Author: Nate Pyle
Publishing Date: March 5, 2019
Pages: 208 pages (Paperback)
Platitudes are pat answers given to someone facing a difficult situation. Platitudes are trite, uninspiring, and frustrating, but we have all heard them. We have probably all said them, too, whether we thought about our words as platitudes or not. Platitudes can be things like “at least she is not suffering anymore,” or “there wasn’t a future with him anyway.” Most of the time, the person sharing the platitude is doing so to bring comfort, though it may be that they are most trying to comfort themselves in the face of a situation to which they have no idea how to respond.
The word “platitude” comes from a French word that means “dull” or “flat.” Platitudes may be dull, but they still have a way of cutting deeply. Intended to help heal, platitudes instead cause more pain.
Nate Pyle’s second book called More Than You Can Handle wrestles with the oft-recited platitude, “God won’t give you more than you can handle.” With Scripture in one hand and difficult life experiences in the other, Pyle offers a fresh take on what it looks like to find God with us during seasons of profound pain and loss.
To begin, he digs into the scriptural origin of the expression. The idea behind “God won’t give you more than you can handle” comes from a misinterpretation of 1 Corinthians 10:13. The verse says: “God is faithful; he will not let you be tempted beyond what you can bear” (NIV). This verse about temptation has somehow been taken, twisted, and applied to try and bring comfort to people who are going through tremendously difficult things. The problem: it is not really comforting, and it is not really biblical.
Throughout the pages of More Than You Can Handle, Pyle shares from his experiences as a pastor walking with people through difficult times like a terminal cancer diagnosis and of learning from the deep faith of those who had experienced tremendous loss in their lives. Pyle shares honestly about finding himself with a lack of words when sitting with people who were struggling. As a pastor, he expected himself to be able to speak words of comfort to those facing hardships, but he found himself instead sitting with people in the raw silence.
In a chapter on having enough faith to doubt, he writes this about faith: “But faith without doubt isn’t faith. It’s certainty. Faith is faith precisely because it isn’t certain. There’s mystery and not knowing and contradictions and uncertainty, all mixed with a deep hope in something we cannot see. It’s trusting in something we can’t verify. Unfortunately, faith has too often been replaced by certainty.”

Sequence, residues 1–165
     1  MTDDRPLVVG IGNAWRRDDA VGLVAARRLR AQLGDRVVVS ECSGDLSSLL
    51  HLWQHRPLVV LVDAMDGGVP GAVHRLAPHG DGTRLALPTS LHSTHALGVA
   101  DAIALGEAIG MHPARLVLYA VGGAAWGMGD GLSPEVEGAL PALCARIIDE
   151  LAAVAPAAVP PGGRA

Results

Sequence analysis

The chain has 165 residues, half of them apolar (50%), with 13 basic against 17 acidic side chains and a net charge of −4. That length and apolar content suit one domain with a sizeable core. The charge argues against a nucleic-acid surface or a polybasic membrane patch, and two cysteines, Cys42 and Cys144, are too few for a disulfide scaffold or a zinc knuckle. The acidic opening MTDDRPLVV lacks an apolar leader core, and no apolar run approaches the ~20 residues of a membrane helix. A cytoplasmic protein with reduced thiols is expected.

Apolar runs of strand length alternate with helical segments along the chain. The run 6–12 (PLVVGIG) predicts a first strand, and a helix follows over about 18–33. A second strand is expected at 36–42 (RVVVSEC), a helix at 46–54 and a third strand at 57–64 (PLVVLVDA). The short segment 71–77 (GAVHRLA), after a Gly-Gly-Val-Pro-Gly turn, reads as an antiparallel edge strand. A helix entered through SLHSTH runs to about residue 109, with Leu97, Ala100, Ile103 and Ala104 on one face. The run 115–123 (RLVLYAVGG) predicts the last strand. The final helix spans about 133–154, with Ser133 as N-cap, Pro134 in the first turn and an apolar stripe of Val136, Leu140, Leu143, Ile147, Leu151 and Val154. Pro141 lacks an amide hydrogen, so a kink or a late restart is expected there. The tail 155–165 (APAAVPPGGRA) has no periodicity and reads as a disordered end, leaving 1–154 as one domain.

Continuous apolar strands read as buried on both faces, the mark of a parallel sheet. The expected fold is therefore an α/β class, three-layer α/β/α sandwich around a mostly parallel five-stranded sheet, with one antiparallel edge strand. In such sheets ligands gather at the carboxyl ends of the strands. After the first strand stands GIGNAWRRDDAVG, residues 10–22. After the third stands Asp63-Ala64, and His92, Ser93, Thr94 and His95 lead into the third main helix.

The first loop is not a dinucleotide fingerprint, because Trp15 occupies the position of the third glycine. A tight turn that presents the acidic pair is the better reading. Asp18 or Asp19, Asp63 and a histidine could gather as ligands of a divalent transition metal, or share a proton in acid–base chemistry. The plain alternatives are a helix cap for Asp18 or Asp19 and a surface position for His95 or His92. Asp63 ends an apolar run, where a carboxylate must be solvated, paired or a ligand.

As a need-to-know person, it is easy for me to chase after certainty as opposed to resting in the mystery of faith. Pyle calls that pursuit what it is: idolatry. He writes, “Certainty is an idol dressed up as an unshakeable faith.” Ultimately, it was this idolatry of certainty that pushed Job’s friends to blame him for his misfortune. And it is this idolatry of certainty that causes us to refuse to acknowledge our doubts. The trouble is, doubt isn’t the enemy of faith. Without doubt, faith would not be faith.
Beyond his experiences as a pastor, Nate Pyle shares vulnerably about his and his wife’s journey with infertility, pregnancy loss, and waiting to adopt. He plumbs the depths of overwhelming anger, sorrow, doubt, and even joy—all of which became more than he could handle at some point along the way. The book is not about finding a way to minimize the “too much-ness” of these moments in life, but about looking for the presence of God with us during these moments.
In More Than You Can Handle Nate Pyle extends his ministry of compassion and care beyond his own church to anyone who might have ever found life to be more than they could handle. Throughout each chapter, Nate seamlessly weaves together stories from Scripture, experiences that he has had in his own life, and the testimonies of the people he has ministered to. Using all of those examples, Pyle writes a book that wrestles honestly and faithfully with the challenge of believing in a good God when bad things happen.
As a pastor, this book has provided me with new insight into Scripture (especially the book of Job), and it has helped me reflect on the care that I give to people as I walk with them as their pastor. But, this book is not only for pastors. This book is for anyone who has ever found the experiences of life to be too much—whether they are too painful or overwhelmingly joyful. God did not promise that we would never be given more than we could handle, but God does promise to be with us during those too-much seasons. We may think that what we are after is the answer to why these things happen at all. But somehow, knowing we aren’t alone through it is what we need more.